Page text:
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AS the name of famous American poet Longfellow goes, all Chinese parents hope that their children can grow to be longer fellows.
With the improvement of living conditions in China during the past years, such a dream has been partly realized. According to a recent report issued by a concerned department, Chinese youth have grown taller. The average 18-year-old male stood at 1.72 meters in 2015, up from 1.70 in 2000, while the average female grew from 1.58 meters to 1.59 meters during the same period.
While growing taller, Chinese youth are also much fatter than before. Based on another report issued by Peking University in May this year, childhood obesity has been growing at an astonishing rate in China. It is predicted that the percentage of obese students aged between 7 and 18 will reach 28 percent in 2030 without proper intervention.
Sharp increases in the obesity rate among the youth in China has a strong relationship with their lack of physical activity, which is associated with heavy school burdens, changing lifestyles, dietary habits, environmental factors and the country’s one-child policy.
For many years, Chinese parents and even the whole society have paid special attention to the academic performance of their children. Even primary school students are demanded to attend various extra-curriculum classes and to prepare for future competition. The squeezing of available exercise time or negligence of physical education have brought about a steady decline in speed, perseverance, lung capacities, eyesight and many other physical measurements in youths in recent years.
Meanwhile, with the betterment of living standards in China, more meat and less vegetables are eaten every day. In a fast-changing society, many parents are under great pressure to make a living and have no time to prepare food for their children. Under these circumstances, many young people have shifted to street stalls and fast food, often leading to them ingesting more fat than they should consume. With the contributions of Chinese youth, international fast-food chains have developed quickly in China.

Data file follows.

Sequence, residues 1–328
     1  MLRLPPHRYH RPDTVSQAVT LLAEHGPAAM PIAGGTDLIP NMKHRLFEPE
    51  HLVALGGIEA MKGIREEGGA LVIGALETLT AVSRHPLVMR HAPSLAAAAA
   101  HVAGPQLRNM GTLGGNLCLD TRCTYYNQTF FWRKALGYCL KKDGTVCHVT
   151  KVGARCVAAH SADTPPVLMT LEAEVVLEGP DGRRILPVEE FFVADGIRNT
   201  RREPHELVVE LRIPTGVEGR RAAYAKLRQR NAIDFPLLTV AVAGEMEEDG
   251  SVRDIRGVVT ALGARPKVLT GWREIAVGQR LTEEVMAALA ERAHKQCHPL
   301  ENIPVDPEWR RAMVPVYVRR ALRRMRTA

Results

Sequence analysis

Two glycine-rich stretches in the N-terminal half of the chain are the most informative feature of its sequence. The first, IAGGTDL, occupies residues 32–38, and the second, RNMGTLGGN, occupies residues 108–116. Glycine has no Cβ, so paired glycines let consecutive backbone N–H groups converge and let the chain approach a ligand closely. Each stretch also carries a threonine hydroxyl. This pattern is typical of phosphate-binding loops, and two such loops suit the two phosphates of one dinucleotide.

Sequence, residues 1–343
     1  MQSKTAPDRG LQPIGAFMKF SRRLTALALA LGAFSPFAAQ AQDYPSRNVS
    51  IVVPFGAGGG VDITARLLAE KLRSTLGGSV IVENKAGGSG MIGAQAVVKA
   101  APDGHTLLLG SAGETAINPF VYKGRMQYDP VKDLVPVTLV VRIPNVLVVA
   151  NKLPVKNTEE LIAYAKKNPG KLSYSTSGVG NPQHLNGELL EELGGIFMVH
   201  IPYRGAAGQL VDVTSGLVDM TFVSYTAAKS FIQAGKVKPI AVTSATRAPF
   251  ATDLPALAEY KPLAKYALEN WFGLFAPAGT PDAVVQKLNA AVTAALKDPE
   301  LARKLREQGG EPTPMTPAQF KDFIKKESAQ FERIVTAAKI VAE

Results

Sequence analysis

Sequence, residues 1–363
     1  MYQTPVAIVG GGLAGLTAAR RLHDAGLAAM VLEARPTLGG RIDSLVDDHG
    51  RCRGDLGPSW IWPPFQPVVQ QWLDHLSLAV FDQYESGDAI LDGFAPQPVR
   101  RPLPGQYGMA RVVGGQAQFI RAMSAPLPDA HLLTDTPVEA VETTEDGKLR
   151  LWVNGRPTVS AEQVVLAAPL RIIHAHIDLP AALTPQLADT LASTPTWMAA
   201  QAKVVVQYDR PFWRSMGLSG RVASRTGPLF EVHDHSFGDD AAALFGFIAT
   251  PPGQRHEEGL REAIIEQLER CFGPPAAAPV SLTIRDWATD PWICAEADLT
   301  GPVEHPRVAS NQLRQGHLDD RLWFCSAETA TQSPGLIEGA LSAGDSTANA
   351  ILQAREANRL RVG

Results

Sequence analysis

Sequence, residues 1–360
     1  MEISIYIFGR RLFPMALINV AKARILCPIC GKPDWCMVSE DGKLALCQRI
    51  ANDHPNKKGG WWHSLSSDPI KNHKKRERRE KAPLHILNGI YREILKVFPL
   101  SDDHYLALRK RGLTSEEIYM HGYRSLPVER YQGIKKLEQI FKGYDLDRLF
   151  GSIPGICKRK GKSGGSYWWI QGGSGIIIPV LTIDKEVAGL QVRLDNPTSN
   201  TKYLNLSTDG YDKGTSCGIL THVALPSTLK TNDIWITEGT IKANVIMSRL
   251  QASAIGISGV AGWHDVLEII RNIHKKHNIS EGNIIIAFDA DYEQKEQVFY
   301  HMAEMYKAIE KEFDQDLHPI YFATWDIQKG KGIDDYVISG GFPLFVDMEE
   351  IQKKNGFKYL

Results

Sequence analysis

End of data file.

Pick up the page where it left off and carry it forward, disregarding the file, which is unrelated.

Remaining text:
Quick popularization of electronics in recent years is also attributable to the increased obesity rates among children. Much more than that, due to the one-child policy that had been carried out in the country for more than 40 years, many children are spoiled and self-centered. Without playmates, they also tend to be lonely and are prone to find solace in electronic devices. It is obvious that large amounts of time spent watching TV and playing video games will not only turn them into couch potatoes, but also make them fatter and fatter.
As we all know, youth athleticism is the cornerstone of a country’s competitiveness on the international stage. As the Olympic spirit goes, we surely hope our saplings to be taller, faster and stronger, but definitely not fatter, slower and weaker. During the 2016 Rio Olympic Games, many people complained about the lousy performance of Chinese athletes that led to China’s third-place ranking and only 26 gold medals on the tally. At the 2008 Beijing Olympics and 2012 London Olympics, China boasted 51 and 38 gold medals respectively.
To curb the quick increase in obesity rates in the country, The Chinese Government and the public should take concrete measures as soon as possible.
Firstly, every student should have a minimum of one-hour compulsory exercise each day while at school. Since insufficient sports facilities are also a problem in some remote areas, more government money and social funds should be channeled to install sports facilities in less-developed places so as to make them more accessible to poor students in the countryside.
Secondly, schools and families should join hands to ban or at least restrict the use of electronic devices at early ages. Instead of keeping their eyes on electronic devices, children should be guided and encouraged towards healthy forms of entertainment such as calligraphy, reading, writing, playing chess and listening to music.
Thirdly, in terms of catering for students, the Chinese Government can learn some good lessons from Japan. In order to go beyond fast food and seek fine-dining experiences, high-caliber food providers with stricter hygiene and nutrition standards could be authorized to offer meals to schools and kindergartens.
Last but not least, publicity is also very important. All children should be informed that obesity will not only make them more vulnerable to diseases (such as childhood cardiovascular disease and Type 2 diabetes) and psychological problems, but also make them less competitive and less appealing in their future career development and social interactions.
(The author is the editor-in-chief of the Shenzhen Daily with a Ph.D. from the Journalism and Communication School of Wuhan University.)